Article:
It's everything it should be, and less: tasteless, tactless, graceless and gross. "ABC's Silver Anniversary Celebration" proves true at all that's wrong with, and irresistible about, that junk food for the eyes and ears that is American television. The show couldn't be any better if it were good.

ABC celebrates its 25 years of existence as the tawdriest and quickest-to-grovel of the three television networks Sunday night - at 7 on Channel 7 - with a four-hour marathon of film clips, self-congratulation, grotesquely slick production numbers, stars in gaudy abundance, and applause, applause, applause. If you took out the applause, it would be a three-hour show.

In 1953, the American Broadcasting Co. merged with United Paramount Theaters, Inc., the TV network thus born consisted then of only 14 affiliated stations. In the ensuing 25 years, most of them spent in raggedy third place, ABC did more than either CBS or NBC to move television away from New York, with its theater and radio traditions, and out to Hollywood, with its trivializing and homogenizing traditions.

Twenty-three years of attempting to find something beneath the lowest common denominator finally paid off and for the past two years ABC has been No. 1 in the ratings and the profits. In the process, it must be admitted, the network has also engendered some of the finer hours in commercial TV history, foremose among them the most-watched of all TV shows, "Roots."

A 10-minute recap of "Roots" near the end of the anniversary special is amazingly moving; every excerpted scene is charged with emotional energy. "Roots" is spine-tingling even in glimpses.

Only a few minutes before, the same video space is given over to the gunfire of "S.W.A.T.," the flutter of "The Flying Nun," and a scene in which faithful Indian companion Tonto hands the Lone Ranger his hat; "Me wash in stream . . . to make whiter." The guantum leaps from ridiculous to sublime are spectacular and stupefying; that it all levels out into something called television remains fascinating.

Executive producer, ironically or appropriately or both, was Dick Clark, who, like ABC master programmer Fred Silverman, recently defected from ABC to NBC. That Clark chose to open with Barry Manilow and close with Toni Tenille says quite enough about the Las Vegas mentality at work here. It's ideal; medium and message one and inseparable.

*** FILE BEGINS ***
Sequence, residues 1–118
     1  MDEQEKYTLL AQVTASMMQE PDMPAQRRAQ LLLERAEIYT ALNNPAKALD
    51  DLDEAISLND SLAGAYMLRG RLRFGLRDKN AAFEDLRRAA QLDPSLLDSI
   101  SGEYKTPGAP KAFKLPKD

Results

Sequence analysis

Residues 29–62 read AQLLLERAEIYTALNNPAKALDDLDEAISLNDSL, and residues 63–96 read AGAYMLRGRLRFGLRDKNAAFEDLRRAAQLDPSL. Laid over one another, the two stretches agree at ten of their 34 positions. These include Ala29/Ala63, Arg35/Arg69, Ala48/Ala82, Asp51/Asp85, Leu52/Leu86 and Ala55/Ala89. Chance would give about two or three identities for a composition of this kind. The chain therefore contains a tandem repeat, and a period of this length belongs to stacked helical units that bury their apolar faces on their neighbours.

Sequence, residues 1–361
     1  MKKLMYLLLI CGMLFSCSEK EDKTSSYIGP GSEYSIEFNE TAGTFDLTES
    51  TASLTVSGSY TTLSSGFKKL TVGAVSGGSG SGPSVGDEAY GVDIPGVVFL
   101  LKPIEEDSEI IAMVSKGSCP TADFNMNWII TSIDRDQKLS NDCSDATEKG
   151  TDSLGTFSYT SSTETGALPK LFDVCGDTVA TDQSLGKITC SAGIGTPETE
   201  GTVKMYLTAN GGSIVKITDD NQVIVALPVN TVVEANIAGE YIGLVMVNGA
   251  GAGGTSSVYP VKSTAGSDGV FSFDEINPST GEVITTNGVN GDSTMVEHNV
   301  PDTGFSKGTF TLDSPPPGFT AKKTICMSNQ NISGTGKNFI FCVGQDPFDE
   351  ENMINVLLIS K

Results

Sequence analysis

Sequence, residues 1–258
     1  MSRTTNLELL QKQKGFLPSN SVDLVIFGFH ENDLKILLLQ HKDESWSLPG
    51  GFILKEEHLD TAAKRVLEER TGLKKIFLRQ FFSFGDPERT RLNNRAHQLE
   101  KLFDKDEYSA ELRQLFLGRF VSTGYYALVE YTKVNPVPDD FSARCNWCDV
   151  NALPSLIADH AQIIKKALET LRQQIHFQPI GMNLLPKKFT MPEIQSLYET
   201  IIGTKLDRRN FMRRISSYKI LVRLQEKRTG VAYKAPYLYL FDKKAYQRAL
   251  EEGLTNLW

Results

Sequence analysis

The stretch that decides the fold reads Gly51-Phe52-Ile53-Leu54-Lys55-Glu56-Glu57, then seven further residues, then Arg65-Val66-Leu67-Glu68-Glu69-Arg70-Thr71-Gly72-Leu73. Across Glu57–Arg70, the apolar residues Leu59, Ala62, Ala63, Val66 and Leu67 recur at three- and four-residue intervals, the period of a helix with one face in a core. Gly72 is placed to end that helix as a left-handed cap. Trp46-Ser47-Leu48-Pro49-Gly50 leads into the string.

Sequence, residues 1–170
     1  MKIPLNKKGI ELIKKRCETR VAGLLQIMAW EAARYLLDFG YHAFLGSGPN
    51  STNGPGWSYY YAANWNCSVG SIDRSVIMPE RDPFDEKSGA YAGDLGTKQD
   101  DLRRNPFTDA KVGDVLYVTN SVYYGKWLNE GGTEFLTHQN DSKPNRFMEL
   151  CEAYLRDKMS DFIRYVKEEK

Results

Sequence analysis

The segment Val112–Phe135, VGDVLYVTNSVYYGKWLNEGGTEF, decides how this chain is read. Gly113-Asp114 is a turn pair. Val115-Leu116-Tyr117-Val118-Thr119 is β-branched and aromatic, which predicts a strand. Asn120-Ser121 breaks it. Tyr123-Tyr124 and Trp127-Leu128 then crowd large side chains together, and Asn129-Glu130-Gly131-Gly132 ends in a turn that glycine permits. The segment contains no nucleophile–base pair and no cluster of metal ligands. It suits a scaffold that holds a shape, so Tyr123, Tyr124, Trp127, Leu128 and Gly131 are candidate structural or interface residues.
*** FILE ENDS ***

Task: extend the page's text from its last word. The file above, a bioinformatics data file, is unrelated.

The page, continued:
Genuine highlights include Alan King's funny and irreverent history of ABC programming, John Wayne's tribute to TV Westerns, and a medley of past musical moments that starts with Crosby and ends with Sinatra. People grow up, old, fat and gray before our eyes; there is a magic to television after all.

For the finale, members of the all-star audience come forward to join Tenille for round after round of the "Rocky" theme with new lyrics glorifying the net work. Silverman, interestingly enough, is never glimpsed during this hallelujah chorus, but ABC Chairman Leonard H. Goldenson and ABC President Elton H. Rule can be clearly seen.

The really, truly, stop-you're-killing-me exquisite moment of them all comes just before, when David Hartman raises a toast not to ABC but to the great god television - the mythic apparatus that had made stars or millionaires out of many in the room where the party was taped. Just as Hartman is pledging continued devotion in televisionland to "the benefit of mankind," there is a shot of Charo lifting her glass of champagne.

No one who cares enough about television to love and deplore it should even think of missing a minute of "ABC's Silver Anniversary Celebration."